Can bass use a guitar amp?
Before deciding if your bass should use a guitar amp or bass amp, you need to ask yourself what kind of sound do you want to achieve. Are you going for a higher fidelity tone? A satisfying enough sound that gets the job done? Or a distorted riff-ready tone?
Before the “how”, the very first thing you have to ask is: can I even use a guitar amp with my bass? If your bass has passive electronics (no battery-powered preamp), it most likely won’t be able to power up a regular guitar amp successfully. In most cases where there’s no built-in preamp, most amplifiers will just let out an unpleasant loud hissing noise from lack of amplification. On one hand, this is normal because an unplugged electric guitar will also do this. However, with a bass, it’s just not going to sound good.
But for those of you with an electric bass that has an active electronics preamp (usually powered by a 9-volt battery), you’re in luck! You can use any guitar amplifier you like without any adverse effects. In fact, some guitar amps have powerful enough wattage and EQ settings to give your bass tone a bit more “oomph” than if you were using a dedicated bass amp.
So the answer to “can I use a guitar amp with my bass?” is yes, but only if your bass has an active electronics preamp. And even then, it depends on what kind of sound you’re looking for.
Now onto the next question: should I use a guitar amp with my bass? There are some advantages and disadvantages to using one.
First, let’s start off with the pros:
1) You can get many different sounds from your bass without buying too many amps. You can easily swap between clean straight-up bass tone, distorted riffing sound or even a higher fidelity sound just by switching out which amplifier you plug into. So it would be advantageous for those of us who play multiple genres of music and would like a single equipment setup for all occasions.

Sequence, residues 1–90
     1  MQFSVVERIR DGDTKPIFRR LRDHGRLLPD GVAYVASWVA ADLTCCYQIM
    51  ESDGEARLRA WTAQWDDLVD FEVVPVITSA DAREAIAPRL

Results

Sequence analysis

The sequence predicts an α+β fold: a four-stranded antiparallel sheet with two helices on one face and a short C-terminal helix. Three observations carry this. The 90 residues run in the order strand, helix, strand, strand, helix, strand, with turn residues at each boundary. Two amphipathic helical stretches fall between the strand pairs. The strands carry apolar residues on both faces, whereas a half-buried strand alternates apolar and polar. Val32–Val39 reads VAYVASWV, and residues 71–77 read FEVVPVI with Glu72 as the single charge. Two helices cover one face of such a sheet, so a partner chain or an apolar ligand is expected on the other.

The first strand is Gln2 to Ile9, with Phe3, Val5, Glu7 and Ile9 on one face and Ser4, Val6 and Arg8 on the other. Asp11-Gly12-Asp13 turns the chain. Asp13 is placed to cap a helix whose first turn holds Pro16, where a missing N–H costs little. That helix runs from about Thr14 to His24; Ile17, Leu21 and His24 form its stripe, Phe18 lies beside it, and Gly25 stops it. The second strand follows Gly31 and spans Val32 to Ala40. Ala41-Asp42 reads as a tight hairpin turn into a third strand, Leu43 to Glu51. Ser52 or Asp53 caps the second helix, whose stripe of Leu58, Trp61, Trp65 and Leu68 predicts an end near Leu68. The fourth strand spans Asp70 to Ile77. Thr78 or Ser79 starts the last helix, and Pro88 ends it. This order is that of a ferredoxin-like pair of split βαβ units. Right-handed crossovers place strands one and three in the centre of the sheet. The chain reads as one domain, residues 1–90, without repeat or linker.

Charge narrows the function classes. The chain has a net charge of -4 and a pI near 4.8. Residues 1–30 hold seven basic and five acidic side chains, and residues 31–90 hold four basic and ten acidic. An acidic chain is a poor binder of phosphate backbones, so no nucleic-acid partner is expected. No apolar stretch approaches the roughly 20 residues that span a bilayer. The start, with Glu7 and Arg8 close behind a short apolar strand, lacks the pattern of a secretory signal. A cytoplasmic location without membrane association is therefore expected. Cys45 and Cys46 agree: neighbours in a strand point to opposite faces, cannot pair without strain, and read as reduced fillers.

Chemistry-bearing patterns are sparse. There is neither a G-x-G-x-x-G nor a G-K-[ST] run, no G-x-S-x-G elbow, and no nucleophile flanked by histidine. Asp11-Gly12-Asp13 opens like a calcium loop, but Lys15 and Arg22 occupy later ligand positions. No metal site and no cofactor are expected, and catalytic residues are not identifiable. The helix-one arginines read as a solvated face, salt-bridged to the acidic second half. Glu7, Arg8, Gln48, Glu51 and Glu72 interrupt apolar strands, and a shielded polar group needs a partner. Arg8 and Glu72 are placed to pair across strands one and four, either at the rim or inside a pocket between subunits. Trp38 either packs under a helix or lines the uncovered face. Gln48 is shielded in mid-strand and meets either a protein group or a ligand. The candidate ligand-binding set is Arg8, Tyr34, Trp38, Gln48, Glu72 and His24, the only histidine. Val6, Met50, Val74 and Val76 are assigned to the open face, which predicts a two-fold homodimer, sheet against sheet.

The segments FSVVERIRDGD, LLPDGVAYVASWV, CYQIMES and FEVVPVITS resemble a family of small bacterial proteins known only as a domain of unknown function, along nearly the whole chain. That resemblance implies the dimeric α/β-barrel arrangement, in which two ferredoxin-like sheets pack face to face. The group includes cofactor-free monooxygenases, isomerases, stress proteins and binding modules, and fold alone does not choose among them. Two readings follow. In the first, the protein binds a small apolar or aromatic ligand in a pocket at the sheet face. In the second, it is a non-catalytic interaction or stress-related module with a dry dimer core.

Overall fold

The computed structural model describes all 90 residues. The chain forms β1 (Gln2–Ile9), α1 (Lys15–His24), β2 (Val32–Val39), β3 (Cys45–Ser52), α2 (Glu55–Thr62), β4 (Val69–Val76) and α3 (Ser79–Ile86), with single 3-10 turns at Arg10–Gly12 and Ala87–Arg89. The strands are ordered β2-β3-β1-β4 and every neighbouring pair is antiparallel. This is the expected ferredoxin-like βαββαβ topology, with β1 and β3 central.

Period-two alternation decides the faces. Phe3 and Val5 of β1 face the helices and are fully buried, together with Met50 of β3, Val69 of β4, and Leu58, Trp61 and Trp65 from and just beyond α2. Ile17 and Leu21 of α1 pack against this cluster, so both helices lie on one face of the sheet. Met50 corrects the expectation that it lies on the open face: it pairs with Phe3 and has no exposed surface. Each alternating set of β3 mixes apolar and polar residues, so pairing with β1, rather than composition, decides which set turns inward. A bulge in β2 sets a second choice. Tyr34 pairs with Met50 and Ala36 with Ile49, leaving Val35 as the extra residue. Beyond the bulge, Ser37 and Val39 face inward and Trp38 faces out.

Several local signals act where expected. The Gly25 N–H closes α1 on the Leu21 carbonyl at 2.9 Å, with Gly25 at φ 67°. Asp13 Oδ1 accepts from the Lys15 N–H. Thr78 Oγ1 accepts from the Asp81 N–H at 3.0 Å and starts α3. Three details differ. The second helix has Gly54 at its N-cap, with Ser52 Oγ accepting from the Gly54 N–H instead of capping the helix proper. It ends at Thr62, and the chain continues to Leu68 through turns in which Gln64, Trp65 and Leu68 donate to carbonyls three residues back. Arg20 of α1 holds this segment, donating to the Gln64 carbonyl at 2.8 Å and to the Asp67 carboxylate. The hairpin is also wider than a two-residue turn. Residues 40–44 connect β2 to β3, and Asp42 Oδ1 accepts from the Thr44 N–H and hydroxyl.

2) Guitar amplifiers have become very advanced over the past few decades and have tons of built-in effects that can add on extra production value on your bass tone. Things like chorus, flanger, delay and even reverb can be easily dialled in to get the perfect sound you’re looking for without having to purchase any extra pedals.
Now for the cons:
1) Most guitar amps are designed for electric guitars which have a higher output than bass guitars. This can lead to your bass tone being drowned out by the guitar amp’s speakers or simply not sounding as good as it would through a dedicated bass amp.
2) Guitar amps often have more “presence” in the midrange frequencies which can make your bass sound too bassy or muddy. This can be remedied by using an EQ pedal to cut down on some of those unnecessary frequencies, but it’s still an extra step that you have to take.
So overall, whether or not you should use a guitar amp with your bass depends on a few factors: what kind of sounds you’re looking for, how much money you want to spend and what genres of music you play the most. If you’re happy with the tones you’re getting from your bass and don’t mind taking a little bit of extra time dialling in your sound, then using a guitar amp is absolutely fine. However, if you feel like your tone could use some more tweaking or just want something that’s ready to go out of the box, then using a dedicated bass amp might be the better option for you.